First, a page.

Bad actors are always looking for access to networks of interest and business systems. Vulnerabilities and software flaws are an ongoing concern. We need to be vigilant. Yet the fact that the NSA in October warned against state-sponsored hackers exploiting “publicly known vulnerabilities” suggests cyber hygiene still isn’t getting enough attention.
Let’s put it in a context that will resonate in the midst of the COVID-19 pandemic. We’re all being asked to wash our hands and wear masks. These are simple precautions we can take to protect ourselves and others. Still, some aren’t doing so.
Cyber hygiene is the same. Cyber criminals are going to turn any known vulnerability or software flaw into a compromise opportunity. This makes ongoing security maintenance and installing the latest patches incumbent on those professing to provide Internet security.
The NSA’s advisory regarding Chinese state-sponsored cyber actors is a sad commentary on the state of cybersecurity today. Vulnerabilities in software are expected, so failing to address them is reckless, if not negligent when patches to fix them are available.
Cyber Hygiene Complications
As SANS noted all of the flaws are known and have fixes already available. The vulnerabilities the NSA cited have already “been heavily abused by ransomware gangs, crypto coin miners and essentially anybody interested in breaching a corporate network.” Some of the vulnerabilities date back to 2015.
Yes, keeping up with all the vulnerabilities is challenging. Security threats can impact operating systems, applications, libraries and even pieces within libraries. It can be a lot to monitor and manage.
“We hear loud and clear that it can be hard to prioritize patching and mitigation efforts,” Anne Neuberger, the director of the NSA Cybersecurity Directorate, said in a statement quoted by cyberscoop.com.
But there’s no way around it. It is reckless not to prioritize patching and mitigation.
The importance of shielding potentially vulnerable systems from unauthorized users cannot be undervalued. Doing business online with vulnerable software or systems is akin to spending time on a COVID ward — without any protective gear. Or, to use a potentially less charged metaphor, it’s like driving a Ford Pinto on the Internet highway.
Vulnerabilities and Exposures Identified
The NSA should not still be sending out Cybersecurity Advisories warning against such familiar Common Vulnerabilities and Exposures (CVEs). The vulnerabilities recently leveraged, or scanned-for, by Chinese state-sponsored cyber actors included:
- CVE-2019-1040 — A tampering vulnerability exists in Microsoft Windows® when a man-in-the-middle attacker is able to successfully bypass the NTLM MIC (Message Integrity Check) protection.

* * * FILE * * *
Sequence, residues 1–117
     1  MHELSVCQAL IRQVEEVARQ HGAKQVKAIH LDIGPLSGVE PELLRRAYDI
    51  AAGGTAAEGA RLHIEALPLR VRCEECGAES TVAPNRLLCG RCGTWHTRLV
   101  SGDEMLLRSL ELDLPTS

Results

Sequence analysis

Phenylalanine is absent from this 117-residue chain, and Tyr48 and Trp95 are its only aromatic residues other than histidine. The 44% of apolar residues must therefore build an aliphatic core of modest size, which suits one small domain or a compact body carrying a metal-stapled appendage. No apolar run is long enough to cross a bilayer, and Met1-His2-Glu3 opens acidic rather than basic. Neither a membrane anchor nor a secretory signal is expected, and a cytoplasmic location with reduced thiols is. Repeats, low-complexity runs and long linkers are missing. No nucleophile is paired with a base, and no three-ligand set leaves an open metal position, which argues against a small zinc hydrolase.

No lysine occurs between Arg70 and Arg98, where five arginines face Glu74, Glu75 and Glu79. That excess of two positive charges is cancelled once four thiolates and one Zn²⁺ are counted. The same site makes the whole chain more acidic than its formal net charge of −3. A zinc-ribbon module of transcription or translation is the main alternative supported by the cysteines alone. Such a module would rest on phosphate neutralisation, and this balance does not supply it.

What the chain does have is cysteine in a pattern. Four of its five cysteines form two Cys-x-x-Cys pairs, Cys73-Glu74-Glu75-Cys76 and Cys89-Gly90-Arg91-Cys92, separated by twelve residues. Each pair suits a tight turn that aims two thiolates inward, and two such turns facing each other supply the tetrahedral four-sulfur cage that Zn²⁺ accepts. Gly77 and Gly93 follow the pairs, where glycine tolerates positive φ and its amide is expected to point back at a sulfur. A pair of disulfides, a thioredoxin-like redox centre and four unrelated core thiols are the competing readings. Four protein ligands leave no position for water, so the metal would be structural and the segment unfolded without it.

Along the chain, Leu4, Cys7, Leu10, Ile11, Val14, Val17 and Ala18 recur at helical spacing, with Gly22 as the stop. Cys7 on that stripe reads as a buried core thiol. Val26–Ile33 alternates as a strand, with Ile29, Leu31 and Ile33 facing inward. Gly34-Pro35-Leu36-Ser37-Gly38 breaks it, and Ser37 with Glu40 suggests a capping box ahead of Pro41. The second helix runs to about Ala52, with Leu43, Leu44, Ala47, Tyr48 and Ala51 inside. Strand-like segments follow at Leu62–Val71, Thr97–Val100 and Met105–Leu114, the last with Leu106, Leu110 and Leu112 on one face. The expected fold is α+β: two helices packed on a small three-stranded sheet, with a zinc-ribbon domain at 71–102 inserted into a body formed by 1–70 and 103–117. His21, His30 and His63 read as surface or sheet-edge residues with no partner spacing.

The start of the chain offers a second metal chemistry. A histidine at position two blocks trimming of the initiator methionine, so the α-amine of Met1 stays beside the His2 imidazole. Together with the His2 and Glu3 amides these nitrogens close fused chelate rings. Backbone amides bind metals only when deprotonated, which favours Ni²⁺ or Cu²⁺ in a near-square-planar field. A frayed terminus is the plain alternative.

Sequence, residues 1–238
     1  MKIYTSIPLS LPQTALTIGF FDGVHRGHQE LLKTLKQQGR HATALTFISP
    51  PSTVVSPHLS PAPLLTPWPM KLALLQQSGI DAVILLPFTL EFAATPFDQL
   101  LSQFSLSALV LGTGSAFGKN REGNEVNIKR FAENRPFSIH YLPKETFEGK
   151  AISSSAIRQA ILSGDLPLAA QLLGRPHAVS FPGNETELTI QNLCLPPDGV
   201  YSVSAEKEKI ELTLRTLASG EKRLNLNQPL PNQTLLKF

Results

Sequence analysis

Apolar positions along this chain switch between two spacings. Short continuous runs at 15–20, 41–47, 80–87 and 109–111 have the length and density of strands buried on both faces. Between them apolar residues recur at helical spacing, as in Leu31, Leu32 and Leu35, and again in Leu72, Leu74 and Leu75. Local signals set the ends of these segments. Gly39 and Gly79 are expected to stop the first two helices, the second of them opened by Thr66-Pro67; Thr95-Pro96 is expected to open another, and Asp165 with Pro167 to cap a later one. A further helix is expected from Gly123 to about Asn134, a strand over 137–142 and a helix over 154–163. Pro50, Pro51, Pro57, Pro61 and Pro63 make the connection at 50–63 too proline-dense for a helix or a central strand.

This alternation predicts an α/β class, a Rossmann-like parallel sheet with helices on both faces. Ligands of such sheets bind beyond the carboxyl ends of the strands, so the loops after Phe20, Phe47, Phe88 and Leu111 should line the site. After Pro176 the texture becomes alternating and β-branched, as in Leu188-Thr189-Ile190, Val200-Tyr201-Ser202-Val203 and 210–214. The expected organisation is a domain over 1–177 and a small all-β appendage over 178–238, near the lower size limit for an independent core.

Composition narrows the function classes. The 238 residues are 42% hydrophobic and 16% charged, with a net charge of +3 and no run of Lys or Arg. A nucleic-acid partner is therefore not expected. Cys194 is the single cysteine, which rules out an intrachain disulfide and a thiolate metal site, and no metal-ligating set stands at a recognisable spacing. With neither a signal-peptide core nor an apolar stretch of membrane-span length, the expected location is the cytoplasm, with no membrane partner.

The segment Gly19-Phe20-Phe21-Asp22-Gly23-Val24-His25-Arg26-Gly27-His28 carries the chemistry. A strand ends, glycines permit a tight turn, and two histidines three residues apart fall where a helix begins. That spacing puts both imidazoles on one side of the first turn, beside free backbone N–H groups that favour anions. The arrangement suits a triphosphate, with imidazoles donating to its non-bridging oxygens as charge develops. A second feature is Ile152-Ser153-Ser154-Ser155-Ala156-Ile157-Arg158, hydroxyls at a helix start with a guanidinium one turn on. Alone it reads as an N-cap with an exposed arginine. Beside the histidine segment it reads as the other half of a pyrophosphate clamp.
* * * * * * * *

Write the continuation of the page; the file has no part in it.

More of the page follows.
- CVE-2019-0708 — A remote code execution vulnerability exists within Remote Desktop Services®10 when an unauthenticated attacker connects to the target system using RDP and sends specially crafted requests.
- CVE-2020-0688 — A Microsoft Exchange® validation key remote code execution vulnerability exists when the software fails to properly handle objects in memory.
Of the 25 known vulnerabilities, seven were for Microsoft (Windows®; Windows Server®; Windows Exchange Server® products) and four were for Citrix® (Application Delivery Controller (ADC) and Gateway, SDWAN WAN-OP). Oracle, Atlassian, DrayTek, Adobe, F5, Zoo and Symantec products were also on the list — along with their fixes.
The NSA noted the primary targets are remote access and external web services and suggested they “should be prioritized for immediate patching.”
Putting a Cyber Mask on to Mitigate Risk
At Calyptix we work with IT security providers who do their best to keep systems and products updated and patched. They implement new upgrade releases quickly. These cyber good guys also, as the NSA suggested in its advisory:
- Disable external management capabilities and set up an out-of-band management network
- Block obsolete or unused protocols at the network edge and disable them in device configurations
- Isolate Internet-facing services in a network Demilitarized Zone (DMZ) to reduce the exposure of the internal network
They know patching won’t alleviate the problem of data stolen or modified (including credentials, accounts, and software) before maintenance. So, they also encourage password changes and reviews of accounts as a good cyber hygiene practice.
Yet there are still vendors, service providers, end customers and end users out there that continue to disregard the importance of cyber hygiene. By failing to patch systems and software, these parties are recklessly endangering our society and our resources. Indifference permits malicious actors to steal financial resources and intellectual property from organizations and even jeopardizes the safety, integrity and reliability of critical infrastructure systems.
Shielding Systems from Attack
No industry is safe. The Chinese hackers have targeted security as well as “entities in the telecommunications, healthcare, financial, transportation, petrochemical, and manufacturing sectors as well,” according to research published in March.
Managed services for IT systems is not a scam; it’s essential, just ask the NSA. If your organization is not actively patching and maintaining your systems exposed or accessing the public internet, either directly or with the aid of a managed services provider (MSP), you are part of the problem.
Reputable managed services providers (MSPs) take safeguards seriously. They provide patch management and review systems regularly to shield systems from the public Internet and active exploits the NSA described.
Calyptix’s current version of AccessEnforcer 5.0 adds Gatekeeper and Geo Fence (along with existing Lan Lockdown) to make it even easier for MSPs to implement cyber hygiene that makes their customers’ organizations defensible.